MORE than 11,500 Ministry of Defence homes are lying empty while thousands of veterans live on the streets.
Nearly a quarter of the MoD’s entire housing stock is unused.
Labour MP Gareth Thomas said: “I’m gobsmacked by these figures.
“It really is shocking and scandalous that all these homes are sitting empty and not being used when they could be used to house homeless former members of the armed services.”
The Ministry of Defence said in May that up to 4% of Britain’s estimated 320,000 homeless were ex-forces.
That means up to 13,000 veterans – many suffering from post-traumatic stress disorder – don’t have a home.
Mr Thomas said: “All these empty homes could plug that gap immediately.
“Given that these men and women have served their country – some of them going in harm’s way for us all – the very least we can do is provide them with a home at their time of greatest need.”
The MP wants to copy an American model where empty homes are given to military charities for them to set up housing co-operatives.
He said: “Housing co-operatives can provide accommodation for veterans, but also back that up with support such as counselling and employment advice to help them get their lives back on track.”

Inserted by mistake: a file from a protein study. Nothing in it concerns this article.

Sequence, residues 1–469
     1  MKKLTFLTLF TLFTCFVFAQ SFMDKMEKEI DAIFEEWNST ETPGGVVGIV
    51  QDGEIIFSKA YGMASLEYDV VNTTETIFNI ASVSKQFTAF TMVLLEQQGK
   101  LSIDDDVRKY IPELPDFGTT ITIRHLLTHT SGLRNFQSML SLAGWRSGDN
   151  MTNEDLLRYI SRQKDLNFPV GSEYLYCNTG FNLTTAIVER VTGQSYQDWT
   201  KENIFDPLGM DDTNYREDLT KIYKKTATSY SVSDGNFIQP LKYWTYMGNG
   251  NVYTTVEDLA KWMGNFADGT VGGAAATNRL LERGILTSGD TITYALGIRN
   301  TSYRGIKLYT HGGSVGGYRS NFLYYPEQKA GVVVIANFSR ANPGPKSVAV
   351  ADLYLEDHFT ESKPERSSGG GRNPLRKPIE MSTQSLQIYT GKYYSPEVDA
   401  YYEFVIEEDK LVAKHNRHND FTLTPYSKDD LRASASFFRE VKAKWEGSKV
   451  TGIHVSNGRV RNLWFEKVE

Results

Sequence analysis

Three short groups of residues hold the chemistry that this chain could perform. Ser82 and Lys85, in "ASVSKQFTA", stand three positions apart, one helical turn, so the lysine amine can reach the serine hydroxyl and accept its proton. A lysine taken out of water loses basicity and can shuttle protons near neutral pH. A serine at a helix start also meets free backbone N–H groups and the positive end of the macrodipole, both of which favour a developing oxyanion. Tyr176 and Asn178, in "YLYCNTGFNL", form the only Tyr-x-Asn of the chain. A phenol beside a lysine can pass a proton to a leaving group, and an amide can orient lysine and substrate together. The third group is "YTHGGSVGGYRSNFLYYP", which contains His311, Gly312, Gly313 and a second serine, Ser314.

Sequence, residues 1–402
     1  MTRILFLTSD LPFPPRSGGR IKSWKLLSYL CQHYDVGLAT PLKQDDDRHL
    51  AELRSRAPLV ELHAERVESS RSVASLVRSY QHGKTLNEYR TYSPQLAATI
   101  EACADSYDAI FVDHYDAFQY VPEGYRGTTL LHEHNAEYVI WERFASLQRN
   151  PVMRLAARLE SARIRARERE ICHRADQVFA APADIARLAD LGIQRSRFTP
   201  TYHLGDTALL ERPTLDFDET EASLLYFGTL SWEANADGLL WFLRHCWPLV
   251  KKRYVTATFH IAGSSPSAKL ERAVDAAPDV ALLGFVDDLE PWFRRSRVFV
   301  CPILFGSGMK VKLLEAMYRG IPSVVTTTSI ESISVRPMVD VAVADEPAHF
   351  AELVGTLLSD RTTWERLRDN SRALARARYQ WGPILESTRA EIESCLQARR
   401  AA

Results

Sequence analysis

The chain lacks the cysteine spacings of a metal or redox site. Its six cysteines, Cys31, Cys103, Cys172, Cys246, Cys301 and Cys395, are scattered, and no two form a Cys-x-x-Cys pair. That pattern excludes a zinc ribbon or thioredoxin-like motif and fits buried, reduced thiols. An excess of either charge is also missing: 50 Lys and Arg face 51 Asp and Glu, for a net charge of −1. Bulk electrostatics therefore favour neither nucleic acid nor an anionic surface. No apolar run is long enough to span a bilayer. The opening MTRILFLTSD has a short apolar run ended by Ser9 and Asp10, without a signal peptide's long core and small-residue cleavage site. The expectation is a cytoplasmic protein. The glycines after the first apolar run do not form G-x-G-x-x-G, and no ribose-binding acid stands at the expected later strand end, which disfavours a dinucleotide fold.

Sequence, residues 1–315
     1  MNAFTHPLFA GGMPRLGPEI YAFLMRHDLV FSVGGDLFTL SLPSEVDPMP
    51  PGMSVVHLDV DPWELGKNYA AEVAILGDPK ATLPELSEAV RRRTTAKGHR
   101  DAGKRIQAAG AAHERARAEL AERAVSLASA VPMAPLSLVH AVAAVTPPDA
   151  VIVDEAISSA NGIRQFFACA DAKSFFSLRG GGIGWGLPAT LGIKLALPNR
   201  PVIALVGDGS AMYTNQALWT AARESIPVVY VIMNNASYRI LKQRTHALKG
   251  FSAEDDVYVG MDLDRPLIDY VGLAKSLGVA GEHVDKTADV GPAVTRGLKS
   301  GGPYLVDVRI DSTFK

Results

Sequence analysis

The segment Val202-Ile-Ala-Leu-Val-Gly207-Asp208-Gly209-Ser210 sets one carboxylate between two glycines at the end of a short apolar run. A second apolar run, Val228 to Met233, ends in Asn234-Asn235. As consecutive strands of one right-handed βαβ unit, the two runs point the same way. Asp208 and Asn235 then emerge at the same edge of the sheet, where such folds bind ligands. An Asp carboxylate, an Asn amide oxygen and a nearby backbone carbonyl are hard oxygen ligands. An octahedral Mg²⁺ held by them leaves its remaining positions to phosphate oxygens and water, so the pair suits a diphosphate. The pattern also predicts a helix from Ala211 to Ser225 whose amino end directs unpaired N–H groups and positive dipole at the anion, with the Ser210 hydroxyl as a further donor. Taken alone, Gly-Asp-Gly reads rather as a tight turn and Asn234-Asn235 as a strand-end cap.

The worst hit area is Hampshire where 1,493 MoD homes are unoccupied.
Billy MacLeod, of the charity Veterans In Action, said properties had lain abandoned for years at Army headquarters in Andover, Hants.
He said: “It’s disgusting that there are veterans living on the streets when houses like this could be used for them.”
Of the 49,500 Service Family Accommodation homes in the UK, just over 38,000 are leased by the MoD from the firm Annington Homes Ltd.
These are properties that the MoD sold to Annington in 1996 as part of a controversial deal in which the MoD would then rent them back.
It means the MoD is paying millions of pounds in rent for homes that are not currently being lived in.
The MoD said a percentage of its housing stock would always be empty to allow for maintenance.
And that with military personnel regularly moving around the country, a certain number of homes needed to be kept in reserve.